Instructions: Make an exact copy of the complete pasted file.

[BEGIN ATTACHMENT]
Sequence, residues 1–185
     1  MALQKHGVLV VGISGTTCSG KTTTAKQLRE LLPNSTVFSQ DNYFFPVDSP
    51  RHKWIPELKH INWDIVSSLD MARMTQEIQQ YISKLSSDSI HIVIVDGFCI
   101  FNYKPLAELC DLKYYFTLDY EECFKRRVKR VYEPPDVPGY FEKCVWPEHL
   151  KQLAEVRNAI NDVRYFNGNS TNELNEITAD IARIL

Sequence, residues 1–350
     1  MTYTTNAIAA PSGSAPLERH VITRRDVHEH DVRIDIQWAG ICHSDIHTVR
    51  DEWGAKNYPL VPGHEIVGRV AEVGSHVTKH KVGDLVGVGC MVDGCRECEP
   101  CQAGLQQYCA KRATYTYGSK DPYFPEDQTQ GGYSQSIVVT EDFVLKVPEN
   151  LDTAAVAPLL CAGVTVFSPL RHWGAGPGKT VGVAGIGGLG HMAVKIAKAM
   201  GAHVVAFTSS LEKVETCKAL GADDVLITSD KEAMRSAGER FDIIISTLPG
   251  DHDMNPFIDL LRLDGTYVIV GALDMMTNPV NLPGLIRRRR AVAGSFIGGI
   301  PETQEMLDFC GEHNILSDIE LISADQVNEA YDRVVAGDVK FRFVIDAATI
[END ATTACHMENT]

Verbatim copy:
Sequence, residues 1–185
     1  MALQKHGVLV VGISGTTCSG KTTTAKQLRE LLPNSTVFSQ DNYFFPVDSP
    51  RHKWIPELKH INWDIVSSLD MARMTQEIQQ YISKLSSDSI HIVIVDGFCI
   101  FNYKPLAELC DLKYYFTLDY EECFKRRVKR VYEPPDVPGY FEKCVWPEHL
   151  KQLAEVRNAI NDVRYFNGNS TNELNEITAD IARIL

Sequence, residues 1–350
     1  MTYTTNAIAA PSGSAPLERH VITRRDVHEH DVRIDIQWAG ICHSDIHTVR
    51  DEWGAKNYPL VPGHEIVGRV AEVGSHVTKH KVGDLVGVGC MVDGCRECEP
   101  CQAGLQQYCA KRATYTYGSK DPYFPEDQTQ GGYSQSIVVT EDFVLKVPEN
   151  LDTAAVAPLL CAGVTVFSPL RHWGAGPGKT VGVAGIGGLG HMAVKIAKAM
   201  GAHVVAFTSS LEKVETCKAL GADDVLITSD KEAMRSAGER FDIIISTLPG
   251  DHDMNPFIDL LRLDGTYVIV GALDMMTNPV NLPGLIRRRR AVAGSFIGGI
   301  PETQEMLDFC GEHNILSDIE LISADQVNEA YDRVVAGDVK FRFVIDAATI